Last updated: 09:28 AM ET, Mon June 12 2017

Miami Beach Welcomes Back Historic Espanola Way

Destination & Tourism Gabe Zaldivar June 12, 2017

PHOTO: El Paseo Hotel hosts Espanola Way's grand re-opening. (photo courtesy of El Paseo Hotel)

You have one heck of a block party when unveiling an overhauled historic street.

That’s what folks did to ring in Española Way’s fresh coat of awesome with a celebration that took place on June 6.

The City of Miami Beach took this day to call its $2.5 million restoration project a job well done—providing electric music and delicious fare. There was even a ribbon cutting at the nearby El Paseo Hotel, which continues to serve as a luxurious and comforting oasis for people who want to enjoy the best of Miami Beach.

The same goes for Española Way, which was in need of some refurbishment.

The 1920s-era street has long been a go-to destination for locals and tourists alike. Recently, the city decided to give it decorative pavers that adorn the sidewalks, new utilities, various landscaping features and lighting that will stick with you long after you leave Miami Beach.

Scott Robins is credited with leading the restoration project and explained via press release: "South Florida’s best street will be even better with these new enhancements, which further showcase Española Way’s great architecture, walkability and unique culture thanks to its local shopkeepers, artisans, cafes and restaurants."

The celebratory block party included key government officials and developers: Miami Beach Mayor Philip Levine, commissioners for the City of Miami Beach and the Consulate of Spain in Miami. A press release also explains developers such as Robins was joined by David Berg and Steve Kassin of Infinity Real Estate Group.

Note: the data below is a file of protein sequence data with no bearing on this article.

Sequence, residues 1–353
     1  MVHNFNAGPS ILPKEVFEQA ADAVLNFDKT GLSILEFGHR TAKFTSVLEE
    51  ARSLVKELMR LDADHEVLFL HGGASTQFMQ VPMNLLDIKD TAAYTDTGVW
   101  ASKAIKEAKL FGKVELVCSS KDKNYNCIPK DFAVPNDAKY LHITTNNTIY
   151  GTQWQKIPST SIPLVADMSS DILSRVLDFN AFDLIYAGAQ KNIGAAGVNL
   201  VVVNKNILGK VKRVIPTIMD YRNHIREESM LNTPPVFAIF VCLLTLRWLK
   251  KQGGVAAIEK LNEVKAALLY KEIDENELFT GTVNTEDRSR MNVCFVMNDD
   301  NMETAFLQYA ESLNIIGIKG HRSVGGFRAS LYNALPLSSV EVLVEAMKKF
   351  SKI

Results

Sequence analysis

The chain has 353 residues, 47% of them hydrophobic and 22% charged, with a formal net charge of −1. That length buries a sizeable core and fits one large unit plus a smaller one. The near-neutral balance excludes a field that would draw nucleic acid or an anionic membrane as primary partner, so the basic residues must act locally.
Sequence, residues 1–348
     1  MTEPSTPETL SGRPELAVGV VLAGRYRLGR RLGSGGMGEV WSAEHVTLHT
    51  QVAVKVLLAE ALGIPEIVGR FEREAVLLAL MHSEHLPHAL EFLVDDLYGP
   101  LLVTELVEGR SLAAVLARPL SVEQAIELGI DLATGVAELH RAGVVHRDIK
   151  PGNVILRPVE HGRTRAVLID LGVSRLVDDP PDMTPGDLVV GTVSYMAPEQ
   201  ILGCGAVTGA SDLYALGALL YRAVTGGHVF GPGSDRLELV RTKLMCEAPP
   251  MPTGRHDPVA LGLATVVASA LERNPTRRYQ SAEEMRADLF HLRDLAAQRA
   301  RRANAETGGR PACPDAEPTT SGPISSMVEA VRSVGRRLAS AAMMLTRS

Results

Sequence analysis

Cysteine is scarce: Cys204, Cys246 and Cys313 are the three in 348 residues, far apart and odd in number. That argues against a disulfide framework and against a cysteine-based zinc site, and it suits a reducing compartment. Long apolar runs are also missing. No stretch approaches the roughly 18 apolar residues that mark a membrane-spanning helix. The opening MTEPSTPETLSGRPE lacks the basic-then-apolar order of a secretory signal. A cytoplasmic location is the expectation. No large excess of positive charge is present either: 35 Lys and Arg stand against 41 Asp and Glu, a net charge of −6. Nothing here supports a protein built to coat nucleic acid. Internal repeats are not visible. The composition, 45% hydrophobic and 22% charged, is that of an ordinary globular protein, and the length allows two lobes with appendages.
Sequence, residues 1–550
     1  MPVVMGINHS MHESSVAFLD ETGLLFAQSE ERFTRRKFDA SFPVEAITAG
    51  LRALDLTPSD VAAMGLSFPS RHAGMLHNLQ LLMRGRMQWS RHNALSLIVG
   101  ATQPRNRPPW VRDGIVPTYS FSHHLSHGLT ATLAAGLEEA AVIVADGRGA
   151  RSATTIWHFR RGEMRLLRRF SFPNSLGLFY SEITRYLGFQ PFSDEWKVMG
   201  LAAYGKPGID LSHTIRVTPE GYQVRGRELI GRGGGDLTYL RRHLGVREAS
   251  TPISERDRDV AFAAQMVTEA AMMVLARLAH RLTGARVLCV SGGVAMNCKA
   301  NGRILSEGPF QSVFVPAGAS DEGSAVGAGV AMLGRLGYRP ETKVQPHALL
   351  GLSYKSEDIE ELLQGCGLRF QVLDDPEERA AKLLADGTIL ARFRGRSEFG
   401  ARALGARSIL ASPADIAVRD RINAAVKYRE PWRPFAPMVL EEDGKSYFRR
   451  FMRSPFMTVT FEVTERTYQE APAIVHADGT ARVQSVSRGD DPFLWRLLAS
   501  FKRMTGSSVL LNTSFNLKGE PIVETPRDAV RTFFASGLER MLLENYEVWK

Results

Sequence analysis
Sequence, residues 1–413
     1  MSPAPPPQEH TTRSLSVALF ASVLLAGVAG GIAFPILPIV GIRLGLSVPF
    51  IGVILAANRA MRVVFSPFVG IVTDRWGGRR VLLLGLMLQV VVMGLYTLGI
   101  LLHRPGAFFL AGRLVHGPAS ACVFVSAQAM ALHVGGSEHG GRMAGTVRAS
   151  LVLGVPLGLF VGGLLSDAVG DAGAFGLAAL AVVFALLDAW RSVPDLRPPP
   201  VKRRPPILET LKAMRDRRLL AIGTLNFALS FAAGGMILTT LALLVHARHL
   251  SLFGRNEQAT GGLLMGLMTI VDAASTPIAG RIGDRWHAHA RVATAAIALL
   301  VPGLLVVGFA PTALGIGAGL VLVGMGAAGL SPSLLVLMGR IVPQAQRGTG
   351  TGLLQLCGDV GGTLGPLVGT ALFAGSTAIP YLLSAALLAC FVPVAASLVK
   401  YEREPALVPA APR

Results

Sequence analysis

Festivities included a concert from Tony Succar, flamenco dancers, an opera singer, mariachis and free food for the masses.

The best part is that a great many locations on Española Way have been there for years. Robins continues: "Many of the family owned businesses have been on the street for 15 years or more, and the proprietors personally greet guests with a smile."

READ MORE: 7 Great Things To Do In And Around Miami Beach

A release explains the pedestrian-only street was originally purchased in 1922 but later sold to N.B.T. Roney and the Spanish Village Corporation in 1925. It would soon become a place dedicated to "where artists and lovers of the artistic might congregate amid congenial surroundings."

Nearly a 100 years later, officials are promising an ongoing complement of entertainment such as a Saturday Bazaar, Noche de Coche and a Noche de Encuentros.

Robins states: "In an effort to create a safe, family- friendly place for locals to hang out, we are curating weekly and monthly programming, daily events and nightlife for all ages to enjoy Miami’s slice of history served with a touch of culture."

It remains the cultural heart of Miami Beach and its inhabitants, as well as a wonderful place for tourists to enjoy. The area includes the aforementioned El Paseo Hotel as well as the Clay Hotel. It also promises fantastic food in the way of A La Folie, Havana 1957, Oh! Mexico and many more.

The best part is these restaurants and hotels are now set behind a newly refurbished setting.

If you need some stimulation after a big meal, there is Tapas & Tintos, which promises the dazzling display of flamenco dancers. You can then contemplate life in general while you puff on a stogie at Española Cigar Bar & Lounge.

There is something for everyone here, and now it’s been given the restoration that ensures it will be entertaining countless people for another century.

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